The amount of light, the colour of the light itself and the colour that objects appear vary with the type of electric lighting. The lighting must match the workplace and the task.
There are three basic types of lighting:
- Local, or task
General lighting provides fairly uniform lighting. An example would be ceiling fixtures that light up large areas. Localised-general lighting uses overhead fixtures in addition to ceiling fixtures to increase lighting levels for particular tasks. Local, or task lighting increases light levels over the work and immediate surroundings. Local lighting often allows the user to adjust and control lighting and provides flexibility for each user.
Different types of light fixtures
The complete lighting unit (also called the light fixture, or luminaires) controls and distributes the light. Various types of light fixtures are designed to distribute light in different ways. These fixtures are known as:
No single type of light fixture is appropriate in every situation. The amount and quality of lighting required for a particular workstation or task will determine which light fixture is most suitable. Direct light fixtures project 90 to 100 percent of their light downward towards the work area. Direct lighting tends to create shadows. Direct-indirect light fixtures distribute light equally upwards and downwards. They reflect light off the ceiling and other room surfaces. Little light is emitted horizontally, meaning direct glare is often reduced. They are usually used in ‘clean’ manufacturing areas.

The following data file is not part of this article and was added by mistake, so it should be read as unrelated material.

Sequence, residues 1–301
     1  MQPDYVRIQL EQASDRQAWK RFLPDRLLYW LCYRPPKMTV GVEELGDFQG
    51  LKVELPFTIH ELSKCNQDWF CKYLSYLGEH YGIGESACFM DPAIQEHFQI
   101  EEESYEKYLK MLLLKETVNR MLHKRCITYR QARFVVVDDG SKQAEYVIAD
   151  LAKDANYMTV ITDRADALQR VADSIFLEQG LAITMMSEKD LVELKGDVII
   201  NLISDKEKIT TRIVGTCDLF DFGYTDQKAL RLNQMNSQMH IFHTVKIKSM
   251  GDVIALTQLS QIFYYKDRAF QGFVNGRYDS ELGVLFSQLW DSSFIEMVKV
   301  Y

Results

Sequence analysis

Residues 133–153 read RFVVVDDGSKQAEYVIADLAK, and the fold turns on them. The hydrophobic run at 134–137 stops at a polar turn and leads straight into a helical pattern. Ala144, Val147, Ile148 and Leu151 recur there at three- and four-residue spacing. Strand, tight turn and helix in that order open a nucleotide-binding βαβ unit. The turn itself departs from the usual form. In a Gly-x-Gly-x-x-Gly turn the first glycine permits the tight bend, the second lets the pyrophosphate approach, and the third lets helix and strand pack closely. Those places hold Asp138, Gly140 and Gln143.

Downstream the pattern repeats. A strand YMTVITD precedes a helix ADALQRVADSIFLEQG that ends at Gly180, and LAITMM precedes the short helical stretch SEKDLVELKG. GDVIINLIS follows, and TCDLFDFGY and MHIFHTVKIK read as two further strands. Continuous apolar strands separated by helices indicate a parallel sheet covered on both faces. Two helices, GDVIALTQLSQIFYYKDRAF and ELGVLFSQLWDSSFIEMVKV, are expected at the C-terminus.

Indirect light fixtures distribute 90 to 100 percent of the light upward. The ceiling and upper walls must be clean and highly reflective to allow the light to reach the work area. They provide the most even illumination of all the types of fixtures and the least direct glare. Indirect light fixtures are usually used in offices. Shielded light fixtures use diffusers, lenses and louvers to cover bulbs from direct view, thereby helping to prevent glare and distribute light.